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Welcome to the Sysadmin blog

 ·  ☕ 3 min read  ·  🐧 sysadmin


What follows is history. More than 3 years have passed since then. Is that a lot or a little? For me it has changed a lot, as I managed to move to the third line at Fujitsu and worked more than a year in the Linux team and then moved to Research and Development, where I now work as Quality Assurance, but basically my work is still related to Linux, only that I now work with SLES and open SUSE. At home, I currently have a Raspberry Pi 4b rev 1.4 with 8 GB RAM and a 120 GB SSD, on which Debian 11, Home Assistant Supervised and a couple of other things are installed, and a Fujitsu Esprimo Q920 with 16 GB RAM and a 512 GB SSD, on which I have Proxmox with virtual machines such as a multi-node Wazuh cluster though, and Portainer, which I use to quickly put up Docker containers. I’ve managed to get through installing the system on several VPS I’ve purchased. I’ve set up a mail server on Postfix as well as Dovecot, Dovecot Sieve, Postgrey, SpamAssassin, ClamAV, etc. I also installed Apache and Nginx, which I then secured, so called hardening. I learned about OpenvSwitch, Qemu KVM, Proxmox, ESXi, Zabbix, Zephyr Enterprise, Jenkins, Selenium Grid, Confluence, Jira and many other tools and solutions. I have gone through the management of old machines such as Solaris, SCO_SV, old CentOS and Red Hat (versions 4, 5, 6, 7). I’ve learned a lot of things and I’m still learning. I am not standing still. I’m developing the Technology Stack. I’m learning AWS and how to configure environments that are already more advanced in terms of security. I don’t program, although writing code in Java, Python, Bash, C is not a problem for me. It’s just that programming is not my passion. My passion is Linux and the extensive security associated with it. OSINT, although I know it, is not something I do either, because it’s not a challenge for me and it’s not my role to seek people out over the Internet. If someone has more knowledge than me, but does not respect me, is not cultured and hides behind an illness, which I have personally encountered, in addition, shows elementary deficiencies in reading with understanding, is a dinosaur and presses SELinux or AppArmor to beginners, this person has nothing to look for here. Netiquette such a person should have learned at the very beginning, because it is the basis of the Internet. Let’s respect each other, because this is the way to professionalism. Plus the ability to control one’s own emotions, and the quote of Master Yoda “Do or do not, there is no try” - is the road to success.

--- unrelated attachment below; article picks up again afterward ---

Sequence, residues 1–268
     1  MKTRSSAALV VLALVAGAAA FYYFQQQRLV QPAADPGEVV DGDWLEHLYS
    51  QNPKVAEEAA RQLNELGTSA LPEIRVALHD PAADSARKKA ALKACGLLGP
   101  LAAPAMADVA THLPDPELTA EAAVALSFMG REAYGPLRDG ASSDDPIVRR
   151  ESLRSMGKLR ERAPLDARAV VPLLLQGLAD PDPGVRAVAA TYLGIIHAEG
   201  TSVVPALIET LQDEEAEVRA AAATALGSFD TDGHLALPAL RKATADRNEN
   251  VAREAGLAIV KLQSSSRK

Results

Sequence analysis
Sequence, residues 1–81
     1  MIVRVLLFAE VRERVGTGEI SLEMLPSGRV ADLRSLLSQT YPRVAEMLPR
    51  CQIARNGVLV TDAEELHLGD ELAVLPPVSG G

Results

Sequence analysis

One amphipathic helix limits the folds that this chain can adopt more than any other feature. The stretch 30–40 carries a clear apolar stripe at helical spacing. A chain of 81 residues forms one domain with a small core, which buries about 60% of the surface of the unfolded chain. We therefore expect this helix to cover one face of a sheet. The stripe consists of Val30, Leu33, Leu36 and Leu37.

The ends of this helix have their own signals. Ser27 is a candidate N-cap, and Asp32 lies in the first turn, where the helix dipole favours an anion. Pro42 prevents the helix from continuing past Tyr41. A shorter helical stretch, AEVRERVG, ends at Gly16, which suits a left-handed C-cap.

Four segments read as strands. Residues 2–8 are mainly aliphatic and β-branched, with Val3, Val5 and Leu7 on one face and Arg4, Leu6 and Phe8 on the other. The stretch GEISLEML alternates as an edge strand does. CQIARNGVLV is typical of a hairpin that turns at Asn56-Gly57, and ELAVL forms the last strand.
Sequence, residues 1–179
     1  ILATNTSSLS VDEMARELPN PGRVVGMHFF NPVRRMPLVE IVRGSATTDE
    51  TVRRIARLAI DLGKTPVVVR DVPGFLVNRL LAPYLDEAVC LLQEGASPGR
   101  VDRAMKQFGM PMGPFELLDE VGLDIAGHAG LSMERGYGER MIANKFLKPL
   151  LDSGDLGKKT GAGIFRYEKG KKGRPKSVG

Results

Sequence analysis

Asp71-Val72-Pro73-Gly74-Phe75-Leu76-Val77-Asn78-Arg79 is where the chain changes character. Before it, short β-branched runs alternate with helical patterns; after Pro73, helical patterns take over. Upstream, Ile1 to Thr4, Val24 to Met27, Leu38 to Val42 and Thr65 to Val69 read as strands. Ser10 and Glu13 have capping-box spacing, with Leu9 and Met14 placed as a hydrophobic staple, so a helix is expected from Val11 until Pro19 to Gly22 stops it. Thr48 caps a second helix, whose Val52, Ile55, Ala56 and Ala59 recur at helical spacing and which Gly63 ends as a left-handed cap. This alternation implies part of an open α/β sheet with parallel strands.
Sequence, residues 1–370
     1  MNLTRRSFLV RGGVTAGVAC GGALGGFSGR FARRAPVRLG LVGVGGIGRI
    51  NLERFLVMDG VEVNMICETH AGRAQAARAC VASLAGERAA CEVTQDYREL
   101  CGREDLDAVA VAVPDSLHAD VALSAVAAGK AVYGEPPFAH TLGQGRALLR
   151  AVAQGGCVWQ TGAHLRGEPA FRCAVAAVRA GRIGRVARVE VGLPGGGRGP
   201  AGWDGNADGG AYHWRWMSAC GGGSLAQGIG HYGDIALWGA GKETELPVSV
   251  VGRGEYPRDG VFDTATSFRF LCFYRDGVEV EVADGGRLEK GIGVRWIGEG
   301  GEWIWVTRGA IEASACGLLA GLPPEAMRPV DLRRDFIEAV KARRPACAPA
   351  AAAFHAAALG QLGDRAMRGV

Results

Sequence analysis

Old post from September 2019:

This blog will focus on Linux server administration. I will focus on popular distributions such as Debian 9.8.0, CentOS 7.6, Fedora 29. Of course, I won’t stop there, as I still have a RHEL (Red Hat Enterprise Linux) 7.7 instance on the Virtual Box.

I’ll describe the solutions I’ve implemented at home on three laptops that act as servers at home for self-study purposes. In addition, I bought myself a VPS, on which I set up an environment for myself to host this very site. I also intend to buy another VPS in the future and move the installation of the mail server and Samba to one machine. Ultimately, I want to shut down the other two laptops (mail server and Samba), hide them in a drawer and have everything online.

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QA & Linux Specialist